"When you're sending signals at frequencies that aren't commercially used yet, you have to be pretty clever," Rappaport said.
While thrilled with ham radio, Gross grew tired of the bulky electronics gear in his basement workshop. He wanted to talk to other ham radio users while on the go.
So he designed a portable, battery-operated two-way radio. He called it a walkie-talkie. Gross figured mobility would make ham radios more popular.
The military had other ideas. It was searching for wireless technologies to aid the war effort. The U.S. Office of Strategic Services recruited Gross to help on a project called Joan-Eleanor.
The OSS' goal: develop radio gear to help agents and troops working behind enemy lines communicate with bomber pilots.
By 1941, Gross developed a workable model that weighed four pounds with a compact antenna. The battery-operated unit worked at 260 MHz — less-vulnerable frequencies to enemy surveillance.
In 1944 and '45, intelligence teams in the Netherlands and Germany used the Joan-Eleanor system to direct British Mosquito planes flying six miles overhead. The U.S. Joint Chiefs of Staff said the Joan-Eleanor project ranked among the Allies' "most successful wireless intelligence-gathering operations" and helped shorten the war.
Building on his success, Gross set up Gross Electronics to make communications products, some under government contracts.
Unlike some inventors, Gross figured the more heads, the better. To improve his walkie-talkie design, Gross reached out to other inventors and scientists.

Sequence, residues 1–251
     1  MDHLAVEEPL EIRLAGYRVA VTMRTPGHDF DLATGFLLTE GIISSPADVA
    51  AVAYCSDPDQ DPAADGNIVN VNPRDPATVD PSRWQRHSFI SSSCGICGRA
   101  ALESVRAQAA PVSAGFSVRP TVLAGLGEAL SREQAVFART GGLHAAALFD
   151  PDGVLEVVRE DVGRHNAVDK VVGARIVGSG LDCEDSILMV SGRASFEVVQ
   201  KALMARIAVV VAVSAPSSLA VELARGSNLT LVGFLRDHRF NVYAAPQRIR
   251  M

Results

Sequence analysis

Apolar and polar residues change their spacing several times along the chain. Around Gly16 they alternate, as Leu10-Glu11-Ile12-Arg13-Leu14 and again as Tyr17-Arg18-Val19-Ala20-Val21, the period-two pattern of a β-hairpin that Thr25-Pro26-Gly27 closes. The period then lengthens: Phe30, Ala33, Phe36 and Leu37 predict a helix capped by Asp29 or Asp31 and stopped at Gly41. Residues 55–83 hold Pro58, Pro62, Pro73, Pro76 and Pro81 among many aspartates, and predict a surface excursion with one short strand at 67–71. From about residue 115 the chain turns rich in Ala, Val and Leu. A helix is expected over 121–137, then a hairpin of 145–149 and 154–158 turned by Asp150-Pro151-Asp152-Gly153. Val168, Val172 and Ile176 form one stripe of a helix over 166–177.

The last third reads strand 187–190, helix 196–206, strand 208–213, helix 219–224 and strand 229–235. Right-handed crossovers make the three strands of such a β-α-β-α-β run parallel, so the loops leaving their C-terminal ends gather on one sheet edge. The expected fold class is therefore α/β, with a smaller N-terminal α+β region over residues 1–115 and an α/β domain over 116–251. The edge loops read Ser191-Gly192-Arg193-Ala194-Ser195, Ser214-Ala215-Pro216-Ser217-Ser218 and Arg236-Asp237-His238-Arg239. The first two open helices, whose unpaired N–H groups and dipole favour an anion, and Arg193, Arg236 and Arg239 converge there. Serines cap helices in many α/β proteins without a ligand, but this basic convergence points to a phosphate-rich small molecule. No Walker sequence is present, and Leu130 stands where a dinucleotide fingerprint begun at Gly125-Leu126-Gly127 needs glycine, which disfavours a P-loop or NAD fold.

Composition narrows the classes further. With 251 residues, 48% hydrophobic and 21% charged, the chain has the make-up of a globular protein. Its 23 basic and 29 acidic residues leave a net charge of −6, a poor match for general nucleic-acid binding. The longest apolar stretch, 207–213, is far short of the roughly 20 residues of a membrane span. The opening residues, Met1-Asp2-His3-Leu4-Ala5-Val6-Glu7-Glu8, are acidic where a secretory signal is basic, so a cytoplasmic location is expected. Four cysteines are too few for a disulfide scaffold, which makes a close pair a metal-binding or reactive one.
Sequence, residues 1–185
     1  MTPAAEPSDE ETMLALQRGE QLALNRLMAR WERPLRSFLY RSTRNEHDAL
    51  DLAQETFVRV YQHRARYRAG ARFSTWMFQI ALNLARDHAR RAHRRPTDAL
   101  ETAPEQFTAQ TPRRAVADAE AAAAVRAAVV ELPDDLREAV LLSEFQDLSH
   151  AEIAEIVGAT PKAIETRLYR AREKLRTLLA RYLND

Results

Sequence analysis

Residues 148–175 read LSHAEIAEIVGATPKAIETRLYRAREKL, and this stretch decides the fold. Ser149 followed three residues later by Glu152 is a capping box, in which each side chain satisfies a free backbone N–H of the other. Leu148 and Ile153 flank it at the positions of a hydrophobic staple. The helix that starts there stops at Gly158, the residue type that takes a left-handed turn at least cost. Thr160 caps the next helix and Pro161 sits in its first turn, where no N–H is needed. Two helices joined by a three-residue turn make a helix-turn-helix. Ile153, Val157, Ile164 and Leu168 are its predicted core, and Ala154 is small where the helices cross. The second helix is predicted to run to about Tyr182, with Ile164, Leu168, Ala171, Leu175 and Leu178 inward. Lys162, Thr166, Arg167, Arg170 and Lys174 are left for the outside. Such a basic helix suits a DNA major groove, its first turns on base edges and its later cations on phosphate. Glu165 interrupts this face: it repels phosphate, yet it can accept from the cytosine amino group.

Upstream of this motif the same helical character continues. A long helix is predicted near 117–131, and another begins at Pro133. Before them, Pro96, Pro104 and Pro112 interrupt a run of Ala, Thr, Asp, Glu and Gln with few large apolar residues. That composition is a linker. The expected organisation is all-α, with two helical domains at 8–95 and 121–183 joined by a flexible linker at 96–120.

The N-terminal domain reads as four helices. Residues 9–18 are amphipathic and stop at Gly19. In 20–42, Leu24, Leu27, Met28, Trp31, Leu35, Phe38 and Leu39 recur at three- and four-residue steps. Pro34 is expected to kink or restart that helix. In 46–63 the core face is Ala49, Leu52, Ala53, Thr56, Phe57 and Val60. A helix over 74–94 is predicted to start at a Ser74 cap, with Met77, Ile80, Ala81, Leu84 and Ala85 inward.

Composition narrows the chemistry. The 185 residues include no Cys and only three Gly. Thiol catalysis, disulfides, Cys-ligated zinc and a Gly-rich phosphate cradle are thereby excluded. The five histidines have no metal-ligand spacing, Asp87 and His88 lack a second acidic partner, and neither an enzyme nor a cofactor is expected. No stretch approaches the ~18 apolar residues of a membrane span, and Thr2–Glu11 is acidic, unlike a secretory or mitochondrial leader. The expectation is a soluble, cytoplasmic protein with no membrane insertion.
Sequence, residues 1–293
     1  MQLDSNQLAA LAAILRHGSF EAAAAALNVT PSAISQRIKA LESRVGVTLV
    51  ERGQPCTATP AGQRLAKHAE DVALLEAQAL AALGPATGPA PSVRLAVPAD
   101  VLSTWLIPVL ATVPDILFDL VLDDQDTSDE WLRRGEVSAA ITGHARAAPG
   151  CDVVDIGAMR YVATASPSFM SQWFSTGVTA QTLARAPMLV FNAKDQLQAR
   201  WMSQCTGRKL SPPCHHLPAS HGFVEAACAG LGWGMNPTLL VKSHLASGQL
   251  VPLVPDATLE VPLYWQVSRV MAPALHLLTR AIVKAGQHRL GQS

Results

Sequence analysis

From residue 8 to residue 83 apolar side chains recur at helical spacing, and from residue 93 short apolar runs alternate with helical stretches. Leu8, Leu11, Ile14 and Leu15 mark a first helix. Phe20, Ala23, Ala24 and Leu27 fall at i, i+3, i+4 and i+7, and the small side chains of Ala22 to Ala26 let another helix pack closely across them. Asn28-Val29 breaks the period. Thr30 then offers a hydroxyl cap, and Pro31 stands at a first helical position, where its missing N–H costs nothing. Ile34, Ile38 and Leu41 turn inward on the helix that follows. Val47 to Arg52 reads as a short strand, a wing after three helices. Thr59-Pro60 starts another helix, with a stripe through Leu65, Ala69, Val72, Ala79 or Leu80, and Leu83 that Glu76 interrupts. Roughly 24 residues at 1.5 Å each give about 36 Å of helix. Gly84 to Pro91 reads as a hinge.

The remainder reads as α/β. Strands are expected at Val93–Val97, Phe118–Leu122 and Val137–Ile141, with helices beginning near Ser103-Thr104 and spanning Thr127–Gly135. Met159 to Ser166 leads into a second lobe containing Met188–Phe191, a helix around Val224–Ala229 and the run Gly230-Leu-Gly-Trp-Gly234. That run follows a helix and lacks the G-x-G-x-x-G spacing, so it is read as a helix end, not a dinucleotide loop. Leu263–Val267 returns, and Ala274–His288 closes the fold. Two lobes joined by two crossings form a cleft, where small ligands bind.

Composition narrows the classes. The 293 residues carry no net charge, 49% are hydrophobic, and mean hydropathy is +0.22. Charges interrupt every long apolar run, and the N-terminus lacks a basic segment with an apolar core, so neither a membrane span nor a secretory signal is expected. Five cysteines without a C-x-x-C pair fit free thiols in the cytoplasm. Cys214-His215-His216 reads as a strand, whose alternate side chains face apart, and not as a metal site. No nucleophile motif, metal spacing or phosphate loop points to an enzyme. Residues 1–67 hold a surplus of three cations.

He wrote to the inventor of FM, Edwin Armstrong, asking advice. And Gross met up with Jack Kilby, one of the early inventors of integrated circuits. Kilby helped Gross pick materials to improve the performance of oscillators at higher frequencies.
While improving the design of his walkie-talkies, Gross focused on another issue — the availability of radio spectrum. In 1946, Gross lobbied the government to convert some radio spectrum used by ham radio operators for two-way mobile public communications.
It made him "the father of CB radio," said Maia.
The FCC granted Gross the first CB license, and he began using Phineas Thaddeus Veeblefetzer as his handle.
Gross launched Citizens Radio Corp. to build two-way, walkie-talkie radios. His customers included farmers and the U.S. Coast Guard. CB radios caught on with some small businesses as well.
CB radios didn't become a big hit with the public until the mid-1970s — a decade after Gross' patents ran out.
Nor did Gross hit pay dirt with early versions of pagers. In 1949, Gross adapted two-way radios by developing circuitry that responded to specific signals. During a stay in a hospital, he became tired of hearing doctors summoned via the public address system.
At a medical convention soon after, Gross demonstrated a beeper system that could alert doctors wirelessly. The audience, however, wasn't interested.
Gross excelled as an inventor. But he knew his shortcomings — one of which was his lack of salesmanship. In the early 1950s, he hung up his business-owning hat and took a job as a top engineer at Sperry. He later also worked at Westinghouse Electric and AG Communications.
In 1990, he joined Orbital Sciences to develop aerospace and satellite systems.
His fascination for communication thrilled Gross to the very end. He was still on Orbital Sciences' payroll when he died at 82.